Related Readings: Brian K. Kobilka, M.D.

Friday Lecture Series

Structure and Dynamics of the Human β 2 Adrenergic Receptor

Brian K. Kobilka, M.D.

Professor of Medicine and Molecular and Cellular Physiology

Stanford University School of Medicine

3:15 pm – Refreshments, Abby Lounge

3:45 pm – 5:00 pm – Lecture, Caspary Auditorium

The Rockefeller University Campus

Recommended Articles:

Deupi, X., and Kobilka, B.  2007.  Activation of G Protein-Coupled ReceptorsAdvances in Protein Chemistry 74 :137-166.

Kobilka, B., and G.F.X. Schertler.  2008.  New G-protein-coupled receptor crystal structures: insights and limitations.  Trends in Pharmacological Sciences 29 (2):79-83.

Cherezov, V., et al.  2007.  High-resolution crystal structure of an engineered human β2-adrenergic G protein-coupled receptorScience 318 (5854):1258-1265.

Rasmussen, S.G.F., et al.  2007.  Crystal structure of the human β2 adrenergic G-protein-coupled receptorNature 450 (7168):383-387.

Kobilka, B.K., and Deupi, X.  2007.  Conformational complexity of G-protein-coupled receptorsTrends in Pharmacological Sciences 28 (8):397-406.

Kobilka, B.K.  2007.  G protein coupled receptor structure and activationBiochimica et Biophysica Acta – Biomembranes 1768 (4):794-807.

 

Related Readings: Hugh Cam, Ph.D.

Monday Lecture Series

Epigenetic Control and Genome Organization by RNAi and Transposon-derived Proteins

Hugh Cam, Ph.D.

Postdoctoral Fellow, Laboratory of Biochemistry and Molecular Biology

National Cancer Institute, National Institutes of Health

3:45 pm – Refreshments,  4:00 pm – Lecture

Welch Hall, 2nd Floor

Rockefeller University Campus

 

Recommended Articles:

Cam H.P., Sugiyama T., Chen E.S., Chen X., FitzGerald P.C., Grewal S.I.S.  2005.  Comprehensive analysis of heterochromatin- and RNAi-mediated epigenetic control of the fission yeast genome.  Nature Genetics. 37 (8):809-819.

Dutrow, N., Nix, D.A., Holt, D., Milash, B., Dalley, B., Westbroek, E., Parnell, T.J., Cairns, B.R.  2008.  Dynamic transcriptome of Schizosaccharomyces pombe shown by RNA-DNA hybrid mappingNature Genetics. 40 (8):977-986.

Chapman, E.J., Carrington, J.C.  2007.  Specialization and evolution of endogenous small RNA pathways.  Nature Reviews Genetics. 8 (11):884-896. 

Bühler, M., Haas, W., Gygi, S.P., Moazed, D.  2007.   RNAi-Dependent and -Independent RNA Turnover Mechanisms Contribute to Heterochromatic Gene SilencingCell. 129 (4):707-721.
Articles that cite this paper.

Peng, J.C., Karpen, G.H.  2008.  Epigenetic regulation of heterochromatic DNA stability.  Current Opinion in Genetics and Development. 18 (2):204-211.

Hansen, K.R., Burns, G., Mata, J., Volpe, T.A., Martienssen, R.A., Bähler, J., Thon, G.  2005.  Global Effects on Gene Expression in Fission Yeast by Silencing and RNA Interference Machineries.  Molecular and Cellular Biology. 25 (2):590-601.

Roles of Microorganisms in Diseases Uncovered

In a variety of today’s headlines in the world of science and medicine, the ubiquitous bacteria warrant special mention.  In our last blog posting, we described the alarming concern over antibiotic resistance.  Today, current information provides us with on an overarching view of some ethics and social implications of the Human MicrobiomeProject, and then we drill down into the details of some recent microbiological discoveries that have been reported in the scientific literature.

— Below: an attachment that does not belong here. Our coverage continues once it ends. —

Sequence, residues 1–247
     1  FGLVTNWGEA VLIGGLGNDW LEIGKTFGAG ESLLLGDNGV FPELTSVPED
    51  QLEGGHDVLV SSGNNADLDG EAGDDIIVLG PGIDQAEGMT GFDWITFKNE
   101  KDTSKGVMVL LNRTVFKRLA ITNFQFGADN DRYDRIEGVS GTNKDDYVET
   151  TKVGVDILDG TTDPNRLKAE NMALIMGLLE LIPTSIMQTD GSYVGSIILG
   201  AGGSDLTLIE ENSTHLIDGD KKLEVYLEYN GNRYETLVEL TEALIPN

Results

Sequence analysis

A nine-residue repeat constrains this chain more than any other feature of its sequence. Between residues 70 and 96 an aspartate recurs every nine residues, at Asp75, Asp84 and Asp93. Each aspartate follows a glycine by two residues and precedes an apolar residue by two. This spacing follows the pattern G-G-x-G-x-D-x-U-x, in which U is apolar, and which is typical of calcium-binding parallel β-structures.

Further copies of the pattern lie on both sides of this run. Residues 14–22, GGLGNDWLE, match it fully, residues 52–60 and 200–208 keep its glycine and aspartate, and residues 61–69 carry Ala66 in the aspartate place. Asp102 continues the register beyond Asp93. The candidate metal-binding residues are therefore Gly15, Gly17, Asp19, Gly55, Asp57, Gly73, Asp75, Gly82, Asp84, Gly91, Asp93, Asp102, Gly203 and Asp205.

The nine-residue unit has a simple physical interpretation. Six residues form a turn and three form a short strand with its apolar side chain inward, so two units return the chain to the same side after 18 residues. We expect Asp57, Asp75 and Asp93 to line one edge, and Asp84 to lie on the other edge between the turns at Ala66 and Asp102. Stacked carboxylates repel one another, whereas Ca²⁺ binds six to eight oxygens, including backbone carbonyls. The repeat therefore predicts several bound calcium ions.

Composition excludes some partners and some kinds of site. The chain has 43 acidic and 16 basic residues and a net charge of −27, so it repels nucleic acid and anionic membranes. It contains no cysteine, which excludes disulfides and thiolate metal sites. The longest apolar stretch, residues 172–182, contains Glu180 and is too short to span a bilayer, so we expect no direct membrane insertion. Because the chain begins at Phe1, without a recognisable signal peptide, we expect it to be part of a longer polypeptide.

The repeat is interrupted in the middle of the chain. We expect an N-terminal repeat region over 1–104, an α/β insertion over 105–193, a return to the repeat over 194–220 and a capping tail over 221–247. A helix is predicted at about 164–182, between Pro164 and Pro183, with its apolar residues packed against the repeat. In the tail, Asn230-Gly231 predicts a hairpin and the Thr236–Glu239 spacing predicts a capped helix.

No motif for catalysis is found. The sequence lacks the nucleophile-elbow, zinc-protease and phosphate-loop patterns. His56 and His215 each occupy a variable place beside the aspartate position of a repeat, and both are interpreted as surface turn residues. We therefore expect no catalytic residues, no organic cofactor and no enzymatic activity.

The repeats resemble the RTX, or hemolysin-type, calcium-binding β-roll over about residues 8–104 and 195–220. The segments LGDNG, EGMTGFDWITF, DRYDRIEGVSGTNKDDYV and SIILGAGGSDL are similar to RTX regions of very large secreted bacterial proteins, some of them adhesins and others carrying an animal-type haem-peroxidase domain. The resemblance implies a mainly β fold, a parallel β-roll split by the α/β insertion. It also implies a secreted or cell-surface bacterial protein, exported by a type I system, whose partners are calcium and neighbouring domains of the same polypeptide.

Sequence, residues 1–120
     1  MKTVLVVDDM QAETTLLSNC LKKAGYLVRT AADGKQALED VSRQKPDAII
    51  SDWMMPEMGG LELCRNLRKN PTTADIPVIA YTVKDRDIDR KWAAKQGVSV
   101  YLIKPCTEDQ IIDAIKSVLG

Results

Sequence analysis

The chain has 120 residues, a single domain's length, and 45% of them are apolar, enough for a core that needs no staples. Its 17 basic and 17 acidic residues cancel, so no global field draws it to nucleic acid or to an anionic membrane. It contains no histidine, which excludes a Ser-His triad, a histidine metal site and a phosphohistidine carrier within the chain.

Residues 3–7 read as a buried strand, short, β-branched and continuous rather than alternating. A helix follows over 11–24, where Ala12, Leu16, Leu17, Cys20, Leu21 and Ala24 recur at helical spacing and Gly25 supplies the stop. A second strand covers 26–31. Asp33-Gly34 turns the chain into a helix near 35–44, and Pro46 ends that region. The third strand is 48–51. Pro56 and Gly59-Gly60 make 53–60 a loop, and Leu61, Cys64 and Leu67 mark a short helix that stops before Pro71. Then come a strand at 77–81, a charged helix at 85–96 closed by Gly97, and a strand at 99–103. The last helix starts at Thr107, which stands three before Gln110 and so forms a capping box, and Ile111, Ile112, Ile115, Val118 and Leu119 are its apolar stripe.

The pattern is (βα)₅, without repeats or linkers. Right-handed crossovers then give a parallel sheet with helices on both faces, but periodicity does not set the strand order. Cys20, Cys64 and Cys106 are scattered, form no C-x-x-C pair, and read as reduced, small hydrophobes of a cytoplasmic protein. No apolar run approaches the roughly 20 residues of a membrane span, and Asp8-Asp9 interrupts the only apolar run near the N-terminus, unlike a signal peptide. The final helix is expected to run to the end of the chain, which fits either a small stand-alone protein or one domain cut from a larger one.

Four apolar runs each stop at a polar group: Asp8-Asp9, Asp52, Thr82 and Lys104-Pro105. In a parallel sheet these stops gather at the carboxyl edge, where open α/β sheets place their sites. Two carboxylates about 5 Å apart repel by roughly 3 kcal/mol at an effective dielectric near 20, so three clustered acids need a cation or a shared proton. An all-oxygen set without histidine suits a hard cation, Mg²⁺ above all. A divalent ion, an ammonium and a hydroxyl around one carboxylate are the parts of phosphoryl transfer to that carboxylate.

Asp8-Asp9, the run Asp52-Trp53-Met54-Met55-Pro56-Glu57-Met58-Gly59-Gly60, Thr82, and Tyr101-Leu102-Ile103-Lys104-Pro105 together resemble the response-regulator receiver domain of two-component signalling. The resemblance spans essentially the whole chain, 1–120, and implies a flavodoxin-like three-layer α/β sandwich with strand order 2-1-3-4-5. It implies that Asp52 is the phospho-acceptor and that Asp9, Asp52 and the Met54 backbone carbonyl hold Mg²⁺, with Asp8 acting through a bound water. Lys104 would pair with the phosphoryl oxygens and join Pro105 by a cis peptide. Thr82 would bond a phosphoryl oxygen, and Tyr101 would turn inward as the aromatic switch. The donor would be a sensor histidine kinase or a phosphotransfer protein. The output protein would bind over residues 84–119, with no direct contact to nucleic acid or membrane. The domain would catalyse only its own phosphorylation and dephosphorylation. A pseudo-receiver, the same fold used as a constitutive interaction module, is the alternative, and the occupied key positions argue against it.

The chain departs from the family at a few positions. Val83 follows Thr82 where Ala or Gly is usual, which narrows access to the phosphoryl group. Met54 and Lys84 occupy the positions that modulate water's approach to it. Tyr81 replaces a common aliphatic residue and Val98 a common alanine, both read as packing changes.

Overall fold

On Friday, September 19, a regarded online publication named GenomeWeb Daily News reported that the National Institutes of Health plan to address the ethical, legaland social implications of the Human Microbiome Project (HMP).  A brief definition of the project can be found here.  In essence, HMP is proposed as a feasibility study with “the goal of identifying and characterizing the microorganisms which are found in association with both healthy and diseased humans” (from Wikipedia.org).
Social and ethical questions surround HMP which include questions about potential clinical applications of this research, the implications for health and for society, and privacy concerns for groups, individuals and families associated with the research.  It’s important that these aspects are studied by the NIH and three awards of hundreds of thousands of dollars are available over the three-year timetable for this project.

Enter the lowly bacterium…
 
Several scientific headlines have been snatched by bacteria during the past couple of days.  The first article of note also gives credit to the eukaryotic Candida albicans, where researchers from Beth Israel Deaconess Medical Center, Boston, and Harvard Medical School, Boston describe prokaryotic-eukaryotic interactions of Acinetobacter baumannii and C. albicans as identified using the common nematode Caenorhabditis elegans.  A paucity of data exists on the bacterial-fungal encounters within a living host and in this study, A. baumannii inhibited virulence of C. albicans.  This in vivo work supports existing in vitro studies.  The study provides a whole-animal model to open the door to investigating the dynamics of polymicrobial infections.
Another study reported in the October issue of the Journal of Medical Microbiology received recognition  today when several articles described the interactions of the gut bacterium Enterococcus faecalis and colon cells (Medical News Today, September 22, 2008, “Gut Bacterium Linked to Colon Cancer”, www.medicalnewstoday.com, ScienceDaily, September 22, 2008, “Cancer-causing Gut Bacteria Exposed”, www.sciencedaily.com/releases/2008/09/08092120171.htm, Allen, T.D., et al., 2008.  Dichotomous metabolsim of Enterococcus faecalis induced by haematin starvation modulates colonic gene expression.  J Med Microbiol 57:1193-1204.)  This bacterium can survive using respiration or fermantation, and when it relies on the latter metabolic processes it releases superoxide, which leads to signalling in macrophages.  Superoxide also increades the productivity of genes that are associated with cancer.